24/09/2020

One of the newest recruits to Dogs for Good is named after our Chairman, Colin

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At CPJ Field we have our own 'Charity Volunteer Day' - an opportunity for all our colleagues to volunteer for one day per quarter at a charity of their choice, during the working week. Our Memorial Administrator, Helen volunteers with the charity, Dogs for Good. A life-transforming charity who work to create partnerships between people living with disabilities and specially trained assistance dogs.

Dogs for Good was founded 31 years ago by a lady called Frances Hay who sadly contracted bone cancer at a young age and had a leg amputated as a result. As a keen dog owner she identified ways her pet dogs could help her and trained them to carry out tasks such as collecting the post, emptying the washing machine etc etc. She then went on to set up Dogs for the Disabled, originally run from her garage at home, as a charity which trained dogs to assist other people with physical disabilities. Frances was definitely someone I would have had on my list people you would most want to have round for dinner as her foresight, courage, love of dogs and zest for life at a time when the future must have been quite frightening, I find inspirational. Sadly Frances died as a result of her cancer but the charity continued and flourished and there are still people involved who knew her and ensure her principles and vision are maintained.

The charity changed its name to Dogs for Good 5 years ago as it had evolved so much over the years to provide assistance dogs not only for adults and children with physical disabilities, but also learning disabilities. We now train Autism dogs, community dogs who work with adults and children who can benefit from working with a dog but cant have their own at home, School dogs, and Dementia Dogs as well. Dogs for Good is continually evolving and has a real can do attitude when taking on new areas and new ways of working whilst never losing sight of the founding principles.

Like many volunteers I have several roles within the charity, I am a Registered Speaker for them so give talks to different groups, currently via Zoom as we cannot attend in person, Im part of the local Fundraising group which attends and hosts different fundraising events - a real challenge this year, and primarily I have THE BEST ever volunteer role as a Breed Stock Holder. Edna is one of Dogs For Goods 13 Brood Bitches. She is a Golden Retriever who lives with us as an integral part of our family day to day but will also attend events as an ambassador for Dogs For Good. Then once a year(ish) she has a litter of puppies specially bred to one day become assistance dogs hopefully. The puppies are born at home with us and stay here for the first 8 weeks of their lives. During that time we not only nurture and care for them and the mums, we also do our utmost to set the puppies up well for the next stage in their journey to becoming assistance dogs. To do this we expose them to lots of different sights & sounds, people, traffic noises, normal household hustle & bustle etc etc. We also have to play with the pups and get them used to being handled which my twins love doing. By the time they leave us we want them to be confident, keen to explore and ready to venture out. It's really just like raising children but in a very condensed time frame.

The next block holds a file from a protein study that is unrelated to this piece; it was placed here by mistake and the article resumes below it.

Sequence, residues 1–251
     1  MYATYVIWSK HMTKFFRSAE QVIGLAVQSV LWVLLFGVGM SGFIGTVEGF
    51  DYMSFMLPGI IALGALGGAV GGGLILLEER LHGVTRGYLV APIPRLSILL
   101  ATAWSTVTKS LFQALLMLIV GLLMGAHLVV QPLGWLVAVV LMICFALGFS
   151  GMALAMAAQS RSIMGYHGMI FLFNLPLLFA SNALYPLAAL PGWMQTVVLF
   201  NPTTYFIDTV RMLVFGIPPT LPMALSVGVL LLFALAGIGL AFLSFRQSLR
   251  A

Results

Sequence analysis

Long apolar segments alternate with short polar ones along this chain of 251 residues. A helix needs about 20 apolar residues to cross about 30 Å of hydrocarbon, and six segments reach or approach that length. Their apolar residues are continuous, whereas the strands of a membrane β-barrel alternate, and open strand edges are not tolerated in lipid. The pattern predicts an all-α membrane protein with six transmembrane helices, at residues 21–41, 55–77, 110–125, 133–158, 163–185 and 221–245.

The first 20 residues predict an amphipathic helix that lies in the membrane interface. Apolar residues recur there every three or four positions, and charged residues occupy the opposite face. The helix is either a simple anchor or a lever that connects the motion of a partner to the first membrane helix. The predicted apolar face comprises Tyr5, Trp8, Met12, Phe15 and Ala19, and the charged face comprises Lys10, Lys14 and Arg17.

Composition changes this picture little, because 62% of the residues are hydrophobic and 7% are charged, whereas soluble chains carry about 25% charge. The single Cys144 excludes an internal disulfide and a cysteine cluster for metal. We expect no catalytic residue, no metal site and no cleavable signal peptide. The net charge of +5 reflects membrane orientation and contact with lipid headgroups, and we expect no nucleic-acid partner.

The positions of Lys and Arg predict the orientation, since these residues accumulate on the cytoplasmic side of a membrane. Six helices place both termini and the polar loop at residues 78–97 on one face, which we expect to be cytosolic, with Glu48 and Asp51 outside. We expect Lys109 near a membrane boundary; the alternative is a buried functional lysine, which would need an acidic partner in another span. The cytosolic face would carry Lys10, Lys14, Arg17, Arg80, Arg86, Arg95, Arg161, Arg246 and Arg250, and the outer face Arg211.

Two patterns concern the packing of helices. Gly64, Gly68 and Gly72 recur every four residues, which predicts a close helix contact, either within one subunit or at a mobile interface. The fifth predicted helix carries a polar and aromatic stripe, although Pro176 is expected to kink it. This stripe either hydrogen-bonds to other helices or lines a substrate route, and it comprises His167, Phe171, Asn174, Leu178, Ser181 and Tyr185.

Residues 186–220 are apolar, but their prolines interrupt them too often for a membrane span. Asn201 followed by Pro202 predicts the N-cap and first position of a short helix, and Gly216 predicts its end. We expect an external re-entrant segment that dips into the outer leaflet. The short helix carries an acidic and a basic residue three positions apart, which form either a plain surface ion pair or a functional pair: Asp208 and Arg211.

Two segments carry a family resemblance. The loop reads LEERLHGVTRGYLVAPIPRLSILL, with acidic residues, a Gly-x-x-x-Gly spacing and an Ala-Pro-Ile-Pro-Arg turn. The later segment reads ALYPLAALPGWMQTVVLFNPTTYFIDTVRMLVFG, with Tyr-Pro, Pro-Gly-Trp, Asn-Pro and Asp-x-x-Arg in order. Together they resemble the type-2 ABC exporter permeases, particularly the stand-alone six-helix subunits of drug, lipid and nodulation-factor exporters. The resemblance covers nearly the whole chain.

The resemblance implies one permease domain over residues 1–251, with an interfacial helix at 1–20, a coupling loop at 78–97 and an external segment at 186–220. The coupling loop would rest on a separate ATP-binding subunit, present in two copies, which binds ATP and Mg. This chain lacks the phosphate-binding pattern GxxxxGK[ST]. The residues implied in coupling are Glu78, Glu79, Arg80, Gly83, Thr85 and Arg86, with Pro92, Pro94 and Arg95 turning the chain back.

I have to confess to shedding a few tears when the puppies leave, its an anxious time waiting to hear how they settle in their new homes. From us the puppies go on to the Puppy Socialisers who I think are very brave people as they take our puppies into their homes for a year/ 18 months, again exposing them to as many different environments and experiences as possible and then have to hand them over for training at our center in Banbury. Once in training the dogs are continually assessed for their suitability to our different work streams and then matched to the clients on the waiting list. This takes approximately 16 weeks. Once matched to a client or role, the dogs are the trained specifically to their needs and handed over to our team of Instructors who then work with the dogs and their clients. This relationship continues throughout the dogs working lives.

The brood bitches have a maximum of 4 litters, less if there are any complications, and we abide by the Kennel Club standards for breeding. Once their breeding lives are completed the girls stay with their holders and enjoy a happy well earned retirement. To me nothing beats seeing a dog you have helped bring into the world and loved and nurtured going on to change someone's life. That might sound dramatic but it is truly humbling to meet our clients and hear the impact our dogs make in their lives. It goes way beyond the physical tasks they can carry out, its more the confidence they bring and purpose and feelings of self worth. The power of our dogs never ceases to amaze me and to play a tiny part in achieving that is one of the things that makes me most proud.

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From everyone at CPJ, a very heartfelt thanks goes out to Helen and her colleagues at Dogs for Good. At CPJ Field we are proud to support the communities in which we serve and for all our efforts in fundraising, collecting dog blankets and much needed items for their doggy recruits, the charity have affectionately named one of the pups from Edna's litter after our Chairman, Colin Field.